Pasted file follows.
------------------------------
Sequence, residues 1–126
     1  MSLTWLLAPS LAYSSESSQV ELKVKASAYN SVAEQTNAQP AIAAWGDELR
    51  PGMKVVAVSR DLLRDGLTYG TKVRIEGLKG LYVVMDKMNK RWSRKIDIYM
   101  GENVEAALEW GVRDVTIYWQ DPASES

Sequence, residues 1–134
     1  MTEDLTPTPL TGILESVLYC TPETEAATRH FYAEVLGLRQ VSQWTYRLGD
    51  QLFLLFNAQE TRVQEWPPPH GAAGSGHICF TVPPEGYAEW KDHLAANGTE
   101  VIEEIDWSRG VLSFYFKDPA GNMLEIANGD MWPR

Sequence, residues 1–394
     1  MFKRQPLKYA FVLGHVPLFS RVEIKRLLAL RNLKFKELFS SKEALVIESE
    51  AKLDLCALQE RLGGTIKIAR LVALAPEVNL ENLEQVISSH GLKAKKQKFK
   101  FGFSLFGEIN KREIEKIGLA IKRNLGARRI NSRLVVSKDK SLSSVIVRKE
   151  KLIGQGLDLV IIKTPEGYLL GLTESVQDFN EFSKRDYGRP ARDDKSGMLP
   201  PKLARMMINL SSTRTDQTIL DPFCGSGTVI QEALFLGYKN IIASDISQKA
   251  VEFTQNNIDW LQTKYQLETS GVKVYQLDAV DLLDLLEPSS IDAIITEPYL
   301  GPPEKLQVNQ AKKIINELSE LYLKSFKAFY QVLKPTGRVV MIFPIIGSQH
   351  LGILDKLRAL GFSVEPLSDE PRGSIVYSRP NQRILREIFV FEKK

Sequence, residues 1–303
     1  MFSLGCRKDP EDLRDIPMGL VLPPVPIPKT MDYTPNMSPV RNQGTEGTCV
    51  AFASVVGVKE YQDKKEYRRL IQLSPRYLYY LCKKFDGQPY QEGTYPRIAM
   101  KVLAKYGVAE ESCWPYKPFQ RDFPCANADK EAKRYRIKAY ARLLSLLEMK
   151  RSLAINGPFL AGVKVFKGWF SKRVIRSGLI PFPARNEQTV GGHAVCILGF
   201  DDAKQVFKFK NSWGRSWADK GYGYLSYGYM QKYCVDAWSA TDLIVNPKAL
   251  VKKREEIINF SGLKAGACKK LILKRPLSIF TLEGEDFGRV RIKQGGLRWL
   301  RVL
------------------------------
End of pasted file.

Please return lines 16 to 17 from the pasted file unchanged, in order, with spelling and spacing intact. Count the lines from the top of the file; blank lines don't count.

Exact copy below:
   301  GPPEKLQVNQ AKKIINELSE LYLKSFKAFY QVLKPTGRVV MIFPIIGSQH
   351  LGILDKLRAL GFSVEPLSDE PRGSIVYSRP NQRILREIFV FEKK